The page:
Hazel Mollison: Big stores cut into restaurant profits as the customers win

IT COULD hardly be simpler – pop the roast in the oven, dessert in the fridge and uncork the bottle of wine. Once the Easter eggs are cleared out of the way, many of us will be sitting around the table and enjoying a traditional family meal – cooked by Tesco, Asda or Marks & Spencer.

And we'll have the smug satisfaction of knowing we've done it all for a fraction of what it would have cost to eat out.

Whether it's a half-price roast or Indian feast for a fiver, there's no end of choice for those of us who want a break from cooking without the expense of going out.

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With the supermarkets scrambling to offer the most tempting deals, more and more of us are shunning restaurants for special occasions such as Easter, Mother's Day and Valentine's Day.

M&S started the trend last year with their hugely popular "dine in for two for 10" promotion – offering a credit-crunch beating two courses and a bottle of wine for a tenner. Now all their major competitors have followed suit, offering everything from cut-price family feasts to romantic dinners for two.

The humble ready meal is becoming more than a quick time saver, and is promoted as a cheap alternative to a night out. It's not just microwave lasagne – shelves are heaving with such dishes as chicken chasseur or steak au poivre, with seasonal vegetables on the side.

These deals may be good for our pockets but they're bad news for the city's restaurateurs as they battle the recession

, eating into their increasingly slender profit margins. There has been little good news for the industry, with takings across the country as a whole down by 4 per cent last year compared to 2008. The result has been more bargains for us, with many restaurants introducing more cut-price weeknight deals in order to compete.

Liz Logie-MacIver, a lecturer in retail marketing at Edinburgh Napier University, says many supermarket meal deals are loss leaders to tempt shoppers in.

"They will raise the prices on the little extras, such as coffee or bread, that people buy to go with them," she says. "The seasonal deals have been very successful, such as turkey and wine for Christmas and another one for Mother's Day. There does seem a shift among consumers. They are looking for good quality. A lot will use the internet to look for the best deals.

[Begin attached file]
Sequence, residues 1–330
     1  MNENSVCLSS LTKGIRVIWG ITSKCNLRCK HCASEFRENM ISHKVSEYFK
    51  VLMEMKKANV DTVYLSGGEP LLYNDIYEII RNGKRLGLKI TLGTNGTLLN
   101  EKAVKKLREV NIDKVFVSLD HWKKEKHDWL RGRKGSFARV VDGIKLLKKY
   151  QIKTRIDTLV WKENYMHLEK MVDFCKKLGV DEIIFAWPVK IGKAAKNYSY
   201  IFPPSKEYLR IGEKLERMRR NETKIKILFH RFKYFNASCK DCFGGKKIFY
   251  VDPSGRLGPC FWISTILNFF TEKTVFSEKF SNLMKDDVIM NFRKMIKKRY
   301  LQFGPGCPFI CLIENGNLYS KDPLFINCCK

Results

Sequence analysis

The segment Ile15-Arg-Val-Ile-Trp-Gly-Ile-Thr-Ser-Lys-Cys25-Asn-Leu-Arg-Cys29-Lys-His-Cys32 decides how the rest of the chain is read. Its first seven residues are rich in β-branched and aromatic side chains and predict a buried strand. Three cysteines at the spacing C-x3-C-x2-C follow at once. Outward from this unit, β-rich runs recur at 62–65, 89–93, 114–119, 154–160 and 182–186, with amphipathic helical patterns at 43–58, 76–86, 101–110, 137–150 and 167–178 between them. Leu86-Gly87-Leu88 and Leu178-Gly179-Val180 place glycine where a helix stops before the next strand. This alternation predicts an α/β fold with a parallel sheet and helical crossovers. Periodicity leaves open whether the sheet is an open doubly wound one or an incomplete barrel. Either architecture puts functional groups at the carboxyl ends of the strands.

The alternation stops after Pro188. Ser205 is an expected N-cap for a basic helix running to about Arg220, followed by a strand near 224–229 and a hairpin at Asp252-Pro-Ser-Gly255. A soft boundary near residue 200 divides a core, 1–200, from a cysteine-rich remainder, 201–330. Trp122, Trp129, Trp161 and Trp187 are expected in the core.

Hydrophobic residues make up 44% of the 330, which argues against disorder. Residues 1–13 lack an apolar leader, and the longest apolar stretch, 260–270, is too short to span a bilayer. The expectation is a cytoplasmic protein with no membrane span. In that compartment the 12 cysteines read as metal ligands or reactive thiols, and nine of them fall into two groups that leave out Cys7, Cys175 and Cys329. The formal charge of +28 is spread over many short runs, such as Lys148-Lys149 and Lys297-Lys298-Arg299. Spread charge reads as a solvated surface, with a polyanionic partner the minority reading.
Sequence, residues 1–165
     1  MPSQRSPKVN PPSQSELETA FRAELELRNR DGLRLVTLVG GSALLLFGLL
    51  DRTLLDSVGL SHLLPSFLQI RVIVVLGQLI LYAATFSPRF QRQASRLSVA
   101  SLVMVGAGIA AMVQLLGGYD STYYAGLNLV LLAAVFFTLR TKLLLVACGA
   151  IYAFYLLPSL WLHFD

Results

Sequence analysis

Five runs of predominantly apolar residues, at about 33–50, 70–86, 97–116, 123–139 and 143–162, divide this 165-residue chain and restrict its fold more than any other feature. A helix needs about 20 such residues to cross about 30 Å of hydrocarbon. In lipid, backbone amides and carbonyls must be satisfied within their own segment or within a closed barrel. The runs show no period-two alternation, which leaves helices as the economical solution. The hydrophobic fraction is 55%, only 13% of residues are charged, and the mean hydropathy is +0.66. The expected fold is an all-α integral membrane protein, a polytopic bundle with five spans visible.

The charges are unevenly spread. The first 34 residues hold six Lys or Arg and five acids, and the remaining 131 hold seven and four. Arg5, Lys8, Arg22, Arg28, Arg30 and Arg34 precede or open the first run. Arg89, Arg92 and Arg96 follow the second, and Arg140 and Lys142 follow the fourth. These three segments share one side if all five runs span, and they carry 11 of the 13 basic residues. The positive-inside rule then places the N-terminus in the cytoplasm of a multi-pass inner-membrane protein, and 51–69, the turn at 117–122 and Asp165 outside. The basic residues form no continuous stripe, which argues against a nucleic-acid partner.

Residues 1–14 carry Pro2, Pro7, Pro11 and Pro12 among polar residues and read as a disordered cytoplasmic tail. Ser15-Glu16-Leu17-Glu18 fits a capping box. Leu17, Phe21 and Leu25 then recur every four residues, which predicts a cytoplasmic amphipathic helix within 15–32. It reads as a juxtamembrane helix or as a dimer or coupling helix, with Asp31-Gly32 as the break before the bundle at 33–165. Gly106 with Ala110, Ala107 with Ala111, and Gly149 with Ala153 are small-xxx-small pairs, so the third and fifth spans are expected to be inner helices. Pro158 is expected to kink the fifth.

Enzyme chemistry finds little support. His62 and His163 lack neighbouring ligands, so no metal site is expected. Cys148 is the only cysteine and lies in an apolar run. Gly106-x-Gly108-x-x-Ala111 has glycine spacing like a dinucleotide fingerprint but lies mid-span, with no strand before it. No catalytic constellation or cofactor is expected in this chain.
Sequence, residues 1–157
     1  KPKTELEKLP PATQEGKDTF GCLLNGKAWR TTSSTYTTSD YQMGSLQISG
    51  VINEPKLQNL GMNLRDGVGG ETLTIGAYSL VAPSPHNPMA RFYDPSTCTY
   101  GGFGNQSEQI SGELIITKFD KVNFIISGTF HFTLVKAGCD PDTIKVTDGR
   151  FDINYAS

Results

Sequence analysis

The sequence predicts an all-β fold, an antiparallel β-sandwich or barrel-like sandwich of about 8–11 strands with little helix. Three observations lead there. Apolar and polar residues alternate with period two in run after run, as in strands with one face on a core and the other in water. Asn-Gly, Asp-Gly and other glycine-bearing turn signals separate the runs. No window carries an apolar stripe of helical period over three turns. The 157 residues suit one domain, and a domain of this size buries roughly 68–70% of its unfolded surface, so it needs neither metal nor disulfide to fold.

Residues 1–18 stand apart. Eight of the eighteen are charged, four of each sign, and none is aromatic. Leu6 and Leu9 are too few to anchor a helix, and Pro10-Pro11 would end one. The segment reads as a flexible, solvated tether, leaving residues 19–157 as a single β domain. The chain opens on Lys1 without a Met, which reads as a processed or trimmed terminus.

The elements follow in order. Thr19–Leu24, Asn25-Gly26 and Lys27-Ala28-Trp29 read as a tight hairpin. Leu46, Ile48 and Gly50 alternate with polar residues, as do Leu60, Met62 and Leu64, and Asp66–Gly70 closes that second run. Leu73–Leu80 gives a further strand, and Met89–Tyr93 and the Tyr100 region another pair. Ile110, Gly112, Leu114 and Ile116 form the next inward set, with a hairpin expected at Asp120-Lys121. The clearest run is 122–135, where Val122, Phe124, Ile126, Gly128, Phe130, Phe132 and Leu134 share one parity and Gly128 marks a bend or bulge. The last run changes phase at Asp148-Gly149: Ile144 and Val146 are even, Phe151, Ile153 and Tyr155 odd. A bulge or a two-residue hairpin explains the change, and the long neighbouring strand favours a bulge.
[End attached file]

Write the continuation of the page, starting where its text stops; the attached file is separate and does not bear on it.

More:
"There is a lot of psychology involved. People use food to compensate when things aren't going well in the rest of their lives, and it's easy to give in to temptation. If it's all for 10, then you feel less guilty about it. It's definitely having an effect on restaurants, although they are trying to fight back with offers of their own."

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Market research company Horizons reckons most people now eat out on average once or twice a week, a small decrease on the previous year. More formal restaurants have suffered most, while budget-friendly fast-food outlets have become more popular.

People are also cutting the cost when they do go out, with many skipping the starter, sharing a dessert and ordering wine by the glass rather than the bottle.

Drinks industry research also shows that people are spending less in pubs and restaurants, but splashing out on more expensive bottles at home.

Malcolm Duck, chairman of the Edinburgh Restaurateurs' Association, says competition from supermarkets is hitting hard, and notes that restaurant meals are subject to VAT but ready meals aren't, meaning it is not a level playing field.

"We've come through a very tough time," he says. "There's no doubt people are staying in more, and supermarkets are pushing people to eat at home rather than eat out. They can sell pre-made food which isn't subject to VAT, and wine more cheaply than I can buy it. It makes our lives significantly more difficult.

"I was speaking to a vegetable salesman the other day who now says he feels like a debt collector. That says it all."

But Peter Backman, managing director of Horizons, believes the fall in customers is mainly an effect of the recession, and there are signs it will gradually pick up.

He said: "When you go out to eat, it's not just about the food. It's about the atmosphere, the service and the chance to talk to friends. When you take that away, you're just left with the food, which is what the supermarkets are offering.

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"In the longer term, occasions such as Easter, Valentine's Day and Christmas are crucial to restaurants, and I don't think that's going to decline. It also depends on the weather and what's in fashion – and the popular restaurants will all be full."

While the competition is tough for the food industry, for customers – in or out – there are plenty of reasons to celebrate.